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PHOENIX-The Valley’s soft office market is slowly showing signs of recovery as tenants take advantage of cut-rate deals to move out of back office space into prime, class A locations.

“We did see some positive activity in the third quarter,” Larry Downey, senior director of Cushman & Wakefield of Arizona Inc., tells GlobeSt.com, noting the firm’s analysis shows that many companies are taking advantage of the soft market to move to more prestigious addresses.

Tyler Smith, senior associate of Grubb & Ellis Co., which released its office market study, emphasizes to GlobeSt.com that while some areas have listed negative absorption, the corridors surrounding the Valley’s freeway systems remain strong. West Phoenix, North Scottsdale and Tempe as well as Mesa and Chandler are seeing positive absorption rates, Smith said, while the CBD continues to suffer from negative absorption.

But there are signs that things are improving along Phoenix’s central corridor. “We’ve already seen a couple tenants move back into the midtown corridor because of the economics,” Downey said. He said the CBD’s attractive rental rates are giving tenants upscale office space at prices well below that of newer buildings.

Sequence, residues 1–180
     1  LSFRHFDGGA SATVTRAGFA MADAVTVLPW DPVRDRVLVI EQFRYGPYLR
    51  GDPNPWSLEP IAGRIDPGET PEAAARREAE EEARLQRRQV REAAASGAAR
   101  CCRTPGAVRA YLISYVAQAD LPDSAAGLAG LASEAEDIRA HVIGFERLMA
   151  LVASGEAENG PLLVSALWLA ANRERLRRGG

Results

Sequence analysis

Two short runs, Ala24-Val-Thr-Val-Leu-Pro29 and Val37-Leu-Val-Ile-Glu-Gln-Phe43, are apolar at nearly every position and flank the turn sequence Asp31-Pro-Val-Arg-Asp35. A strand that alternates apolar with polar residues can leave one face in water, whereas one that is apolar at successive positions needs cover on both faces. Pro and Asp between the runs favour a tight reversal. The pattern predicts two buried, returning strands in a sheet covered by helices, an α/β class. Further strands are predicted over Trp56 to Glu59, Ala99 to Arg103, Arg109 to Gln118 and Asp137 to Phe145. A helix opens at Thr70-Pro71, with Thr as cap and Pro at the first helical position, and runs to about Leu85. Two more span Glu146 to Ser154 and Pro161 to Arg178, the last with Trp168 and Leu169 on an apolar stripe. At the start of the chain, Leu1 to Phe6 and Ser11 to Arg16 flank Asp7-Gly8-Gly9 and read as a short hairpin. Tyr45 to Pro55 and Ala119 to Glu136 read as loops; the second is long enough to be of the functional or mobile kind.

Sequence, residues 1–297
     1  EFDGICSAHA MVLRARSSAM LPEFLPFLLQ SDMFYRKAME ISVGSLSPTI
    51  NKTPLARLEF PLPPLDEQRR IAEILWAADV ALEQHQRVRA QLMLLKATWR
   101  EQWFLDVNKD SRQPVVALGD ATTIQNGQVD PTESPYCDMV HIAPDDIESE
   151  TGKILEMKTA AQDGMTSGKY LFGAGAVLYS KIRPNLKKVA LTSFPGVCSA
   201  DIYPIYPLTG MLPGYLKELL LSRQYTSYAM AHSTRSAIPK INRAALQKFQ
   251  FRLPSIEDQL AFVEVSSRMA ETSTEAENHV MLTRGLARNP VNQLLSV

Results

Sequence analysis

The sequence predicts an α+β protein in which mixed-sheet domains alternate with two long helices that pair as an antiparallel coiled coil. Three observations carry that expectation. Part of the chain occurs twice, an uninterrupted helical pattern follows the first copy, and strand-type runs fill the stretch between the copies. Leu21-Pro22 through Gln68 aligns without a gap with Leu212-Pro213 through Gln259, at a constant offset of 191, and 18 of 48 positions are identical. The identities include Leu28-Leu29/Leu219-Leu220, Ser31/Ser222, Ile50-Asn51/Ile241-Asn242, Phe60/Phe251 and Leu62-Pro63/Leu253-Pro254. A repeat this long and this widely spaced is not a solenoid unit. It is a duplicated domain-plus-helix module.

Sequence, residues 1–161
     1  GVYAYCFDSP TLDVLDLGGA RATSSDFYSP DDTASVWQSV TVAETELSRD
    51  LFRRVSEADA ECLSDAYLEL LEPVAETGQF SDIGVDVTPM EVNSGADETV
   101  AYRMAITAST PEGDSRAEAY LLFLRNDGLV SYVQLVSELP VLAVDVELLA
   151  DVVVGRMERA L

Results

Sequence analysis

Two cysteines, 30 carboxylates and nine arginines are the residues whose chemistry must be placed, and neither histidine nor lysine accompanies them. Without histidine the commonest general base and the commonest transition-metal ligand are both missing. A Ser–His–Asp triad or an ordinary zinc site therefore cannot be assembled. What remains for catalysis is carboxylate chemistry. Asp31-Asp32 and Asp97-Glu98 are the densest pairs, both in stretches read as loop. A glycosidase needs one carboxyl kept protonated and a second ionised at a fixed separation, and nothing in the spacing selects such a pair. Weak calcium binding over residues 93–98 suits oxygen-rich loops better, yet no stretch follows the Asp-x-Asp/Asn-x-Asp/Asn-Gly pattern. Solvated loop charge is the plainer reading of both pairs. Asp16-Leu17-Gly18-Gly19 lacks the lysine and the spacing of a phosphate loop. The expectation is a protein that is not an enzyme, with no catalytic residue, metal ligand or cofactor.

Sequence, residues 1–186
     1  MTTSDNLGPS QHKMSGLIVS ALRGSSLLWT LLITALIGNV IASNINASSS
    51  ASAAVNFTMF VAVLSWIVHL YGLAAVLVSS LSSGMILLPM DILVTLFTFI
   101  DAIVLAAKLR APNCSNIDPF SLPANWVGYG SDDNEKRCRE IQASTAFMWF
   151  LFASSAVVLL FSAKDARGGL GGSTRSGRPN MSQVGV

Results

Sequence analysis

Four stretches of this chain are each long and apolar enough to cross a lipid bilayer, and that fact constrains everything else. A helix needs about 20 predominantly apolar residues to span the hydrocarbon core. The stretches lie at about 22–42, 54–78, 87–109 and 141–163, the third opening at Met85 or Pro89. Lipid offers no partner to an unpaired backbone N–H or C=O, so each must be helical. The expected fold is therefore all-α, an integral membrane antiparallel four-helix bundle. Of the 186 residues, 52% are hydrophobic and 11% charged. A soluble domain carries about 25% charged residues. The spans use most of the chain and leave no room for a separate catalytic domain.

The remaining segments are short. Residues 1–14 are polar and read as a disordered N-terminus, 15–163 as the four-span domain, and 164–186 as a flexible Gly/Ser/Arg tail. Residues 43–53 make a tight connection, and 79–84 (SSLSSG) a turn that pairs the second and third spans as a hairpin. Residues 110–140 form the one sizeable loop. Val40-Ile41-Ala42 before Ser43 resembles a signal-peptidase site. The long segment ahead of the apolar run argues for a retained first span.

While rental rates have fallen significantly, dropping one percentage point to an average of $23 per sf in suburban areas and less than $22 per sf in the central corridor, the decline has created a glut of more affordable luxury office space for tenant users. With lower lease rates, coupled with a decline in the construction of new office buildings, both Downey and Smith said they expect to see positive office growth in the future.

Overall, the metropolitan Phoenix office market has shown negative absorption of 473,999 sf in the third quarter, according to Grubb & Ellis. Class A office absorption, however, has show a positive third quarter showing, increasing by 198,978 sf. The metro’s overall vacancy is 21.8%, up a full percentage point from Q2.

But that positive influence won’t be felt anytime soon. Both men said they expect it will be well into 2003 before there’s a turnaround in the metro Phoenix office market.

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